We accomplished much. But much more remains to be done. We need an affordable housing bond that will allow the city to acquire land for future affordable housing. We need to advocate for help from the state legislature to require including affordable housing particularly when large residential projects are constructed. We should no longer be complacent with the construction of hundreds to thousands of units solely for the wealthy. And we should no longer be complacent with laws that allow the easy eviction and displacement of large populations of city residents as a tool and precondition for new construction.
We need to address our homeless population and those living in hotels and motels. We need to ensure that every child in Raleigh has a safe and healthy home. We need to end the days of school busses picking up and dropping off thousands of children at Motel 6, the Budget Inn, and others along Capital, New Bern, and elsewhere.
We need to protect our environment. We need a regional policy and a regional board for planning and deciding our resource needs including our needs for stone. We need a regional approach to deciding if we need additional quarries, how large they should be, how they are operated, and where they should be located. Such decisions have far reaching environmental and community impacts. These decisions should not rest with bodies such as the Airport Authority whose charge is to fly planes and passengers and not to protect our environment or manage our resources.
We have entire census tracts in southeast Raleigh that census records say are largely devoid of young black men. Either they have hidden from the census takers or are in jail. Either way this is an unacceptable situation and we need to find solutions that encompass education, jobs, and community support. We can no longer continue to lose generations of young people to poverty and crime.
Raleigh is a wealthy city . Let us move beyond airbnb, backyard cottages, and scooters and continue our work to make Raleigh a city for everyone.
I thank my colleagues for their incredible service and dedication and the privilege it has been to work with them. And, I look forward in a few days to working with the incoming Council to meet the many challenges that lie ahead.
At our last City Council meeting we adopted a change to designate Falls of Neuse from the Neuse River to Capital Blvd as a Parkway.
What this means is that future development of Falls of Neuse in this area must require substantial trees and vegetation. In other words, no more Sheetz like developments in the corridor.
From the motion that established the Parkway:
WHEREAS, the presence of significant amounts of greenery along major roads is a defining element of the Falls North area, and one of the primary goals of the Falls North Area Specific Guidance adopted as an addition to the 2030 Comprehensive Plan is to maintain and enhance that park-like feel; and
WHEREAS, this goal is accomplished through a series of policies that relate to tree preservation, particularly along the edges of main corridors such as Falls of Neuse Road, and through the Parkway Corridor designation on the Urban Form Map; and WHEREAS, this amendment to the Comprehensive Plan will expand that policy guidance to additional locations; and
WHEREAS, these amendments were reviewed and discussed with public input; then THEREFORE, BE IT RESOLVED BY THE CITY COUNCIL OF RALEIGH, NORTH CAROLINA that the 2030 Comprehensive Plan be amended to include the edits identified as CP-10-19 as shown.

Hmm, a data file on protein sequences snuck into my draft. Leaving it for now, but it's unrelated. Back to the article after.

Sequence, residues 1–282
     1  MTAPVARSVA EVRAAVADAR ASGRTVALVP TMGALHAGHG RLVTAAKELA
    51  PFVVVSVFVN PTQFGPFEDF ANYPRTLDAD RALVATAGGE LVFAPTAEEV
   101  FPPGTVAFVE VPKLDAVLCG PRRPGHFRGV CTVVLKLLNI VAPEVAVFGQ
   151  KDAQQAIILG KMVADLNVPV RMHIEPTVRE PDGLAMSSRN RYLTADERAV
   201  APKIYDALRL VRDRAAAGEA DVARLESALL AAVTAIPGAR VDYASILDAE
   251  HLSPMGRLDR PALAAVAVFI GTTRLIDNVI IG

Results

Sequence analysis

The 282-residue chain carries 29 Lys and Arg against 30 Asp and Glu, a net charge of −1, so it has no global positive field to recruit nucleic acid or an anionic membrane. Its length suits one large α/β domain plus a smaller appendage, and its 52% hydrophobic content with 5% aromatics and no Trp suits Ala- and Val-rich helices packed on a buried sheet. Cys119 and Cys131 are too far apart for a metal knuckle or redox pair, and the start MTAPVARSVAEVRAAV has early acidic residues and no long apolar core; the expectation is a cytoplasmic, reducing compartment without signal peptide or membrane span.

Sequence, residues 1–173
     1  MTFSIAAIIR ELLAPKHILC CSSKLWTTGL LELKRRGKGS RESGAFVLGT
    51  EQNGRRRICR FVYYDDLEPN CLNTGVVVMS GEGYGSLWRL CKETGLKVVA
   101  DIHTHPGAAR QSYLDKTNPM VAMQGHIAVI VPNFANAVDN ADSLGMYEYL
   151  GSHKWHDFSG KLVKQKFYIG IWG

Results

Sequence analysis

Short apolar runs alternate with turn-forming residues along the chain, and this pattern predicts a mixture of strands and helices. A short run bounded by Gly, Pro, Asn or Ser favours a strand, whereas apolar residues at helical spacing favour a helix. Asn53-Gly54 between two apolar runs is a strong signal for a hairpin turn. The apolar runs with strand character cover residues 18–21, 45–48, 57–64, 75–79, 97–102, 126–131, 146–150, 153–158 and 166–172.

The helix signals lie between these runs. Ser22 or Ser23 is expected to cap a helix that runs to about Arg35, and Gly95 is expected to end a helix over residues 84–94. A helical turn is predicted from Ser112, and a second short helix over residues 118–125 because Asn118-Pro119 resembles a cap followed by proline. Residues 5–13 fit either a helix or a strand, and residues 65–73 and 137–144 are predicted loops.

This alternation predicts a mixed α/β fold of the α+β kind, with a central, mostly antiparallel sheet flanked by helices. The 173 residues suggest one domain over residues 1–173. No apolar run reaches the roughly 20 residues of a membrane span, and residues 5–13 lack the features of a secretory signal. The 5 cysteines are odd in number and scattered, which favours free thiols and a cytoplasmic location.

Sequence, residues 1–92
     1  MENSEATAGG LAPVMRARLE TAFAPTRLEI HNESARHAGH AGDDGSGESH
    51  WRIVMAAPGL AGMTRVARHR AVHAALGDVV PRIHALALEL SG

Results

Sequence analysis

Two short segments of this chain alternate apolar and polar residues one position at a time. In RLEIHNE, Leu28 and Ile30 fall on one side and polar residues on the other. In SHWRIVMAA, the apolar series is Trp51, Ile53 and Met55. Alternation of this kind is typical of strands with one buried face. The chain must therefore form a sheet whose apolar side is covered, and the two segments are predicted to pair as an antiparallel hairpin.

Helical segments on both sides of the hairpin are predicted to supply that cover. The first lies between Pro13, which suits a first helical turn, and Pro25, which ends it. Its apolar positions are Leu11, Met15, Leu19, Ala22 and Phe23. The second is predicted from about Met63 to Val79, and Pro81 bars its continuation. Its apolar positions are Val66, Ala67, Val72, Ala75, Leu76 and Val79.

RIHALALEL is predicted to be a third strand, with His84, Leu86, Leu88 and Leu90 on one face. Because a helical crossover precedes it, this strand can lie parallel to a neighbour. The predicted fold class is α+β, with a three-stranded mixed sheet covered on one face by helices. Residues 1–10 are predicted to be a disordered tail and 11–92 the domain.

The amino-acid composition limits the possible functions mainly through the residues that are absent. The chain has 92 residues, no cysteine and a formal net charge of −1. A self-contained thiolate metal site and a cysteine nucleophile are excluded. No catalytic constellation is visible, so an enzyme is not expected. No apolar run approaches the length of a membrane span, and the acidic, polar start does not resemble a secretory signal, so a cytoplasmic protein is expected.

ABC 11 is reporting a sharp rise in homeless children in Wake County – many of whom live in Raleigh’s District B along Capital Blvd and New Bern. According to the story, the Wake County Public School System identified more than 4,000 homeless children. That is nearly double the number identified in 2014/2015.
Here are the numbers over the past five years.
2018-2019 – 4,365
2017-2018 – 3,989
2016-2017 – 3,465
2015-2016 – 2,940
2014-2015 – 2,736
Providing a safe and healthy home to every child in Raleigh and Wake County should be our number one priority. They cannot wait any longer. We cannot lose so many children to poverty.
It is a complete disgrace.
Read more at ABC 11’s website: https://abc11.com/society/wake-co-experiencing-sharp-rise-in-homelessness-among-kids/5699836/
This morning I was informed about a murder at the Mambo near Brentwood. This will be the third murder associated with the location since 2014.
Residents are obviously very concerned about this violence. I have conveyed their and my concern to the City Manager and the City Attorney.
I look forward to working with Mayor Elect Baldwin and the new City Council to address violence, crime, poverty, and homelessness that is increasingly a major concern along and near Capital Blvd – the northern gateway to Raleigh.
Going forward, I will employ some new ways to stay in touch with District B and Raleigh residents. One primary way that I will use to share information is this website that you are reading now (dcoxforcouncil.com). Through this website I will share information and discuss the issues that are before the city and before city council. The website is open to anyone with a browser. You can use your computer, phone, or tablet to check the website for the latest information.
To make life easier I am also introducing apps for Apple and Android. The goal of these apps is to make contacting me as easy as clicking an icon on your phone.
These apps will present the same or very similar content that is available on this website. In time I will add functionality that will allow you to send me your comments and ideas. The functionality that I can add to the app is really limitless and could include polls and links to other websites.
My first app is available for Android (an Apple version is coming). I call it simply, the David Cox Raleigh District B app.
You can find it at the Google Play app store by following this link:
Give it a try and let me know what you think.